Lunacon 2014 (1b): Alternate Technologies in Historical Fiction

Panelists: Russ Handelman, James Cambias, Paul Calhoun

And here he is, That Annoying Guy From One Seat Over.  This archetype shows up at every con, like a restless spirit.

One of the panelists pointed out that, more or less by definition, this would actually have to be about alternate historical fiction.

Examples of a missed technology:

  • Handelman: Could steam locomotives have happened 50 years earlier?
  • Cambias: Once you have cloth and fire, you can have balloons.  Why did they wait until the 18th century?  (Some people think the Mesoamericans had them.)
  • Calhoun: complex calculators like the Antikythera Device.

All in all, Calhoun was far and away the least effective panel member.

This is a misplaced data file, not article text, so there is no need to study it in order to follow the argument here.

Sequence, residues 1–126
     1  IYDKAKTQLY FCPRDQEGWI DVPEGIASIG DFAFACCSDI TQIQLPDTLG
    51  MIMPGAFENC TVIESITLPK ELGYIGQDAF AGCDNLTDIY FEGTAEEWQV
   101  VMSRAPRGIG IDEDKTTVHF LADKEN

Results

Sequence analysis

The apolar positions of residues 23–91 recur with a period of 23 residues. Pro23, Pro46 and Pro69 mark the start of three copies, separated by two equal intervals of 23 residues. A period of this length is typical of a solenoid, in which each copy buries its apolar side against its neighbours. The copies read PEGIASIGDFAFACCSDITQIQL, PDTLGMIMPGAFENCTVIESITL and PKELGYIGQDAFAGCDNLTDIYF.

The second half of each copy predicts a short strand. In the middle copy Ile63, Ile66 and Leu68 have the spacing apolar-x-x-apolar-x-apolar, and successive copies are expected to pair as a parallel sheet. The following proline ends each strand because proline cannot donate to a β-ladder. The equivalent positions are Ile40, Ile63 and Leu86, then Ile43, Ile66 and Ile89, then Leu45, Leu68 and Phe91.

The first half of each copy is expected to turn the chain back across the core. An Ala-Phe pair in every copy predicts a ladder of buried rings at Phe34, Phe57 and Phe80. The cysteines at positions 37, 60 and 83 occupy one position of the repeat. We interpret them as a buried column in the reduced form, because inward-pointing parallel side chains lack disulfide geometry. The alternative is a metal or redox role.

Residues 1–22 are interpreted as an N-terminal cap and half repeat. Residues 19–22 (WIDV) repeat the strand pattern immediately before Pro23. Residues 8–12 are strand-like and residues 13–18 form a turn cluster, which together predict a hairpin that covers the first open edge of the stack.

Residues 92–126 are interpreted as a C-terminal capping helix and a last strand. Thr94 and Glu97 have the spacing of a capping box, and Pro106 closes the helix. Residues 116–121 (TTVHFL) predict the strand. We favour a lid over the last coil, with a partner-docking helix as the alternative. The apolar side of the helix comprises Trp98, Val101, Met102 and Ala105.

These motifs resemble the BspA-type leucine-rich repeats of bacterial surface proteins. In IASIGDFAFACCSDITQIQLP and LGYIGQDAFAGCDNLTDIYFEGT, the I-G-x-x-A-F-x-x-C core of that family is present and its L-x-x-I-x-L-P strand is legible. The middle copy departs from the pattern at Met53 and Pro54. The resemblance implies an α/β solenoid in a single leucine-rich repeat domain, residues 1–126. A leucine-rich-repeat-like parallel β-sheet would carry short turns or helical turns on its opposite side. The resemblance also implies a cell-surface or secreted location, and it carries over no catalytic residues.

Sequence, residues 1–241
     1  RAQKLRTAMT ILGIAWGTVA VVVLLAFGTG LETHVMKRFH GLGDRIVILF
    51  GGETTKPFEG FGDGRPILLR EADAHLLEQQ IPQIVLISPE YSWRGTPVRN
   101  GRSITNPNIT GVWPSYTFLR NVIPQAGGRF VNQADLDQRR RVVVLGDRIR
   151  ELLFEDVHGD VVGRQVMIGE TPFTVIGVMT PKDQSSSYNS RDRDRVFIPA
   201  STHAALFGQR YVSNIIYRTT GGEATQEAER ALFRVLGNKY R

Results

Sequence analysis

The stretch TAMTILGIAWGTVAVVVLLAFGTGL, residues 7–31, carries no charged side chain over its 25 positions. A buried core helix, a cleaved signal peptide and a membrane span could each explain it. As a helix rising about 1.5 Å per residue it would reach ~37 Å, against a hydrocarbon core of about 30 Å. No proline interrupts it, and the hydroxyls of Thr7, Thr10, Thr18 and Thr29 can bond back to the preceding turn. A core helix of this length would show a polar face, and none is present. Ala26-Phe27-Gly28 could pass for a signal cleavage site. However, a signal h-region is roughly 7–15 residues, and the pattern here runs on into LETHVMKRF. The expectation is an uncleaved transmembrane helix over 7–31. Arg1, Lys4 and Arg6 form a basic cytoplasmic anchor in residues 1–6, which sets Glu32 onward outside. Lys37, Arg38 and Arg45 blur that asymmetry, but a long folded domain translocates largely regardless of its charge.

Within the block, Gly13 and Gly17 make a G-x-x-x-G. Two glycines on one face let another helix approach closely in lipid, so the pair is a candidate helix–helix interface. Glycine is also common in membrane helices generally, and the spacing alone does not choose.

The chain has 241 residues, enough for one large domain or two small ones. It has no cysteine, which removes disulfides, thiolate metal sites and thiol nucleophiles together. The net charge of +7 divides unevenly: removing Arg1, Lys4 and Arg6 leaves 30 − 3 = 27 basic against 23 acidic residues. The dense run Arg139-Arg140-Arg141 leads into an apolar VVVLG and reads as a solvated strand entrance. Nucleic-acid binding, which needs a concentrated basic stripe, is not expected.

Technology needs a use before it will be adopted.  Muscle power is effective and cheap — you only get machines when the application is impossible or expensive to do with muscle.

Technology that disrupts existing power structures will be resisted by the people in charge of those structures.  Until the modern age, societies were not tolerant of that disruption, so change came very slowly.  If you want an industrial revolution in ancient times, you’re going to have change the form of antiquity.

Handelman mentioned a book called The Most Powerful Idea in the World, which posits that the Industrial Revolution occurred in England because the English had invented patent law.  I wonder if the century of civil war and ongoing disruption was also vital.

Then, there was a fire alarm and we had to flee the building.  That cut the session short.

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